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Speaking Tree

Push the Sky, Open Your Wings, Take Off
Fetch Your Breath Up From Deep Below
Just Stand Still to be in Sync with Nature
The Lasting Benefits of T’ai Chi
T’ai Chi Strengthens the Mind-Body Link
Emotional and Spiritual Balance with T’ai Chi
Good Teaching Inspires Flowering of the Mind
T’ai Chi is the Difference Between Life and Death
Gains from Independent Practice of T'ai Chi
Sit Like A Bell And Walk Like The Wind
T'ai Chi Is Effective In Sharpening Concentration
Remove All The Pressure That Builds Up Within You
Relaxed & Competitive with T'ai Chi
T'ai Chi for Energy is Absolutely Seamless
Sit Like A Bell And Walk Like The Wind

7th July, 2007

Breathing controls the body's bioelectric balance just as diet controls its biochemical balance. Deep abdominal breathing not only calms and brings emotions under conscious control, but also greatly heightens awareness, thought, and memory. The linkage that occurs between the upper and lower parts of the body as a result of deep breathing ensures the smooth transfer of energy from the legs to the upper body, an essential requirement in yoga or T'ai Chi.

'Cleansing breath' detoxifies the body and emphasises exhalation. 'Energising breath' collects and stores vital energy and focuses more on inhalation. Whenever toxins in our bloodstream reach a critical level, we instinctively sigh, a quick inhalation followed by a long, forceful exhalation. By contrast, when we feel lacking in energy, we involuntarily yawn a long, slow, deep inhalation followed by brief breath retention and a relatively short exhalation.

With increasing awareness of the benefits of breathing exercises, more people are making them an integral part of life. But, many don't understand the role played by the diaphragm a resilient yet flexible muscular membrane which separates the chest from the abdominal cavity. When lungs expand, they push the diaphragm downward; when lungs contract, they pull it up into the chest cavity.

Some breathing exercises specifically promote assimilation and circulation of oxygen and chi. Others facilitate rapid expulsion of toxins from the bloodstream and lungs, some sedate or stimulate the system. Before practising different breathing exercises, familiarise yourself with the four fundamental postures: standing, sitting, lying and walking. Taoist masters suggested 'Stand like a pine, sit like a bell, lie like a bow, and walk like the wind'.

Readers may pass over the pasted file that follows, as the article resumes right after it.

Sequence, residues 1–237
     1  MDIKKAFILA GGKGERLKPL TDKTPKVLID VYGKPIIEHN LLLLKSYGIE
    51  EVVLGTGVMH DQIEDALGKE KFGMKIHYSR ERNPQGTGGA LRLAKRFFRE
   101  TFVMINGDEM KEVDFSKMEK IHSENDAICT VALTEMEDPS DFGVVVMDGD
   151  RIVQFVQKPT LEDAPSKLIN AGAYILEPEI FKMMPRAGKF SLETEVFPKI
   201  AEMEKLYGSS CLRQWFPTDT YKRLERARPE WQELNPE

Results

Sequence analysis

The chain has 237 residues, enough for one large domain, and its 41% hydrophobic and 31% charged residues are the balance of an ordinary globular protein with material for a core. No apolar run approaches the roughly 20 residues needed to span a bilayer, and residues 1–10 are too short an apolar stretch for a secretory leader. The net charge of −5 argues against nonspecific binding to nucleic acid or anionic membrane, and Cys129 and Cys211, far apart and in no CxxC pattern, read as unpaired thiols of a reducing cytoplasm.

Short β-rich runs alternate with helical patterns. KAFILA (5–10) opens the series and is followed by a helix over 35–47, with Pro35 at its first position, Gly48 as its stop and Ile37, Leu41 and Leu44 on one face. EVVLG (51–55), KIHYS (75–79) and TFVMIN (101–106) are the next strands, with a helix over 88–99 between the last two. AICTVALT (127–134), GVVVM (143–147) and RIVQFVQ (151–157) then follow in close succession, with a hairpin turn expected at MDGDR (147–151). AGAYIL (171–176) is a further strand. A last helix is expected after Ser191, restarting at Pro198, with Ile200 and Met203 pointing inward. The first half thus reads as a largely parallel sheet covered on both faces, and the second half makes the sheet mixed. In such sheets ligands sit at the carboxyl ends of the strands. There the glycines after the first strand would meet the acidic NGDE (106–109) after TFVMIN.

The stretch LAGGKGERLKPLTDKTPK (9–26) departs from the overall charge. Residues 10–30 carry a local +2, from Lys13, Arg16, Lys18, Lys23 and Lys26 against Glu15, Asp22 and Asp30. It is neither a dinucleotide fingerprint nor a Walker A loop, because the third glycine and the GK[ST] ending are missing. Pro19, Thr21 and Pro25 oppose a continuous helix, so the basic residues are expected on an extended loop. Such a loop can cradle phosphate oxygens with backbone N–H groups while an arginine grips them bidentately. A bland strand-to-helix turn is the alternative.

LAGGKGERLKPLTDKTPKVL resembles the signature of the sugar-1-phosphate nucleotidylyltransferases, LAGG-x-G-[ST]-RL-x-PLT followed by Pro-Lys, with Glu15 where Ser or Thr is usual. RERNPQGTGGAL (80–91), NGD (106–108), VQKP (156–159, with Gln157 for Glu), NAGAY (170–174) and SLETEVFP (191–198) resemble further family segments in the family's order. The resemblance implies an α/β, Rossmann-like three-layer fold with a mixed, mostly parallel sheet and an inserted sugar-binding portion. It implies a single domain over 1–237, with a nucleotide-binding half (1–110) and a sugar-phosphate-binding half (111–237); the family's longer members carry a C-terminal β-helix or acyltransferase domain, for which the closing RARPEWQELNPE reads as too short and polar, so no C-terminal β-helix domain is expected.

The standing posture is ideal for doing meditation and therapeutic breathing exercises. The bones of your lower body are much more suited for locomotion or standing than for sitting. 'Stand like a pine' means keeping the spine erect as a pine from crown to coccyx.

The sitting posture has three variations: easy lotus, half lotus and full lotus. The lotus ('sitting like a bell') is a very stable posture, which allows body weight to spread evenly on the ground with the spine rising erect from a solid foundation.

The lying posture is recommended for breathing therapy only if you are incapacitated or ill. There are two ways. One is to lie flat on your back with head slightly raised on a small pillow, legs fully stretched out, arms resting by sides. The second, more preferred method is to lie on your right side, with knees slightly bent, right hand tucked between the pillow and your temple and left arm resting along the upper side. In the side position, due to the smooth curvature of spine and legs, the diaphragm deeply massages the abdominal organs. You are 'lying like a bow'.

Walking can be most healing and therapeutic when it is performed with deep breathing. Breathing correctly while walking trains the mind to stay concentrated on what you are doing with a high degree of focused relaxation. Therefore, it is often called 'moving meditation'. Walking synchronises your body, breath and mind, making you feel light and nimble, as though you are 'walking like the wind'.